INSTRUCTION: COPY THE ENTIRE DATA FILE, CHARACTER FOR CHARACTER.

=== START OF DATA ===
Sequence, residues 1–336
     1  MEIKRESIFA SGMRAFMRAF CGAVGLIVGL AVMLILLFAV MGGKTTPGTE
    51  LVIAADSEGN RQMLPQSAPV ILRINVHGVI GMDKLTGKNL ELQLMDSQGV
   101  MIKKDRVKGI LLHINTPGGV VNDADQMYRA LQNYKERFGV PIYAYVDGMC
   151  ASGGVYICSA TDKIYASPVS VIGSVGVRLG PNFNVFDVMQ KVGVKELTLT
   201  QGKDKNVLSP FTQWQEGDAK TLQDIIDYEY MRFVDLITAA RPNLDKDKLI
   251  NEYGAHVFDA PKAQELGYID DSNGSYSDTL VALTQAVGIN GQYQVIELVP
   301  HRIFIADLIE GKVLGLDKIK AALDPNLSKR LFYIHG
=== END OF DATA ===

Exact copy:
Sequence, residues 1–336
     1  MEIKRESIFA SGMRAFMRAF CGAVGLIVGL AVMLILLFAV MGGKTTPGTE
    51  LVIAADSEGN RQMLPQSAPV ILRINVHGVI GMDKLTGKNL ELQLMDSQGV
   101  MIKKDRVKGI LLHINTPGGV VNDADQMYRA LQNYKERFGV PIYAYVDGMC
   151  ASGGVYICSA TDKIYASPVS VIGSVGVRLG PNFNVFDVMQ KVGVKELTLT
   201  QGKDKNVLSP FTQWQEGDAK TLQDIIDYEY MRFVDLITAA RPNLDKDKLI
   251  NEYGAHVFDA PKAQELGYID DSNGSYSDTL VALTQAVGIN GQYQVIELVP
   301  HRIFIADLIE GKVLGLDKIK AALDPNLSKR LFYIHG